The nightclub in these films was usually a den of criminals, the nefarious front behind which the shadowy boss operated. The boss’ moll—Julie, Lily, Maria, Sophia—was the lead dancer, backed by a chorus line, which was composed mainly of Anglo-Indians, who almost totally monopolized the Western dance segment. It was here that the hero came to look for whatever he was looking for—the smuggled goods, the stolen statue, the murder accused. The club dance provided the director an element of exotica, providing the front-bencher a peek into the lives of the metropolitan rich and, by implication, of decadence.

Going by what has appeared in the public domain so far, Bombay Velvet (whose lead singer is called Rosie) draws on all those elements—the real and the fictional, even if it is a much modernized and shinier version. The outfits and sets are designed to perfection and the film-makers have even used a song from the Dev Anand-starrer C.I.D.—Jaata Kahan Hai Deewane by Geeta Dutt—remixing it to appeal to a younger demographic, though it is debatable if the new version improves upon the original (ironically, the song was not used in the 1956 film). Looking for verisimilitude will be pointless—there were no professional street fighters or Tommy Guns in the 1960s or at any time. Also, by the mid-1960s, the clubs of Bombay were undergoing a shift—pop bands, inspired by The Beatles and other more youthful groups, were slowly taking over; soon they would come to dominate. But this is Kashyap’s imagined version, not lived history or a truthful retelling.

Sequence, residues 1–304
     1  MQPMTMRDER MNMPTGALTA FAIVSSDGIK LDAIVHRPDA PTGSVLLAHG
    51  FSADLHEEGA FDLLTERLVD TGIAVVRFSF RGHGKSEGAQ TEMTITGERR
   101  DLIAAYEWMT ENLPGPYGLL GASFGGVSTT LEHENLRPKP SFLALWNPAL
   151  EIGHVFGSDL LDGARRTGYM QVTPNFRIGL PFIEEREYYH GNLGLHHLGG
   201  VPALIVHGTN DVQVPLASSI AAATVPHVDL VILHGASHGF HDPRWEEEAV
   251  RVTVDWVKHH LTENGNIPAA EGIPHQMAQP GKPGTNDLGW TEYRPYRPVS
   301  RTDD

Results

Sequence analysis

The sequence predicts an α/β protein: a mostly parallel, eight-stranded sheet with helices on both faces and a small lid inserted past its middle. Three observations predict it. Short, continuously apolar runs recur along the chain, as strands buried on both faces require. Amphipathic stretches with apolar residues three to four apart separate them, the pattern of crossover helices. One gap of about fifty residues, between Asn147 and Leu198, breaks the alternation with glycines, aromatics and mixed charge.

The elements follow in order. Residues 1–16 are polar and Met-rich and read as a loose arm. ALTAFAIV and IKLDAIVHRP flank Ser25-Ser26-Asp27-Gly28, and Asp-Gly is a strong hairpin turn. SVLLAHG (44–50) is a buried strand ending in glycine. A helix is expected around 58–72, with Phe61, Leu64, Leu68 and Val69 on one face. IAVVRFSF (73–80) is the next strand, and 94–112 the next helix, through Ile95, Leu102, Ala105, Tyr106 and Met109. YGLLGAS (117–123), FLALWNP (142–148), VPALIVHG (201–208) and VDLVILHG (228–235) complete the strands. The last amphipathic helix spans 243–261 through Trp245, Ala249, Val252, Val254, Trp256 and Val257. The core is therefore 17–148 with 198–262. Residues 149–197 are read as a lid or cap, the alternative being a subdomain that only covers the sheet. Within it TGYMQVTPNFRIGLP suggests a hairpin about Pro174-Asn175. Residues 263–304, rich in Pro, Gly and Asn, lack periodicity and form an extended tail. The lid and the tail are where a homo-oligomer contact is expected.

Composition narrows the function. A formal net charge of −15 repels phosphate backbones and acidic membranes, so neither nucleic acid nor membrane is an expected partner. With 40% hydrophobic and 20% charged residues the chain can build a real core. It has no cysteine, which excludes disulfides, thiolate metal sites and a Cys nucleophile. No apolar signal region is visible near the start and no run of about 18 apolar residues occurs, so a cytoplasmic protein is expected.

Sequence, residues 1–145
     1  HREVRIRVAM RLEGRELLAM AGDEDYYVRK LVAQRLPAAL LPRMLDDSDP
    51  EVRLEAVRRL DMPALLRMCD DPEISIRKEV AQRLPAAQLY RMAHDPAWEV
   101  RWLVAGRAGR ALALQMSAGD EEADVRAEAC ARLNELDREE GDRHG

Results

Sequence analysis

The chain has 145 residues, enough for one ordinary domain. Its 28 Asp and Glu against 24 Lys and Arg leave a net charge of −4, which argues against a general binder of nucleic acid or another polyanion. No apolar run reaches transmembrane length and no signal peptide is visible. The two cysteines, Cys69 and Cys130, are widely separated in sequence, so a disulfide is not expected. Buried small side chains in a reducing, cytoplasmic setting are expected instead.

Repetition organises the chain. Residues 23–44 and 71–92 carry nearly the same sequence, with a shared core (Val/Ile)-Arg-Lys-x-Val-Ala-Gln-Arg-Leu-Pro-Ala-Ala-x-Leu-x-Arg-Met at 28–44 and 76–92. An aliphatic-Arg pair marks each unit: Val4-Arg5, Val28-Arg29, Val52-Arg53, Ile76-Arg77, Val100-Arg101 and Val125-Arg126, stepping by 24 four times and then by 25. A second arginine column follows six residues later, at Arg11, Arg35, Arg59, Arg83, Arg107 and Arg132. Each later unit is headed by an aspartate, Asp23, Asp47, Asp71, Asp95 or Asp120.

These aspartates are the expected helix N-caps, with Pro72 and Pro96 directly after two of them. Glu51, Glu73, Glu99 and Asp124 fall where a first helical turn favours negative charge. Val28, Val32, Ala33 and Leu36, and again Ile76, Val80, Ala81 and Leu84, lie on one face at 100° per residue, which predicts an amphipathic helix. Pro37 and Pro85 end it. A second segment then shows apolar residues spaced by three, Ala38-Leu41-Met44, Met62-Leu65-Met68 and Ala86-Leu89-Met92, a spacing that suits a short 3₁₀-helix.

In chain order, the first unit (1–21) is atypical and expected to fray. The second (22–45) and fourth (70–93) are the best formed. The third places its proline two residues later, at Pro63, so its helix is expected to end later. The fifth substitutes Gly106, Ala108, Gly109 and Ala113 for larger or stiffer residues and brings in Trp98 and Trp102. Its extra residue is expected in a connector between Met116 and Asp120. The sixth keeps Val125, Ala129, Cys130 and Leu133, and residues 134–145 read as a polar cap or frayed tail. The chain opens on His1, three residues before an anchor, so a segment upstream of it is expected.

Will today’s audiences, far removed from the real 1950s and 1960s, take to it?

Sidharth Bhatia is a journalist and author and is currently writing a book on Bombay noir crime films.

Also read Ten great jazz-related moments in cinema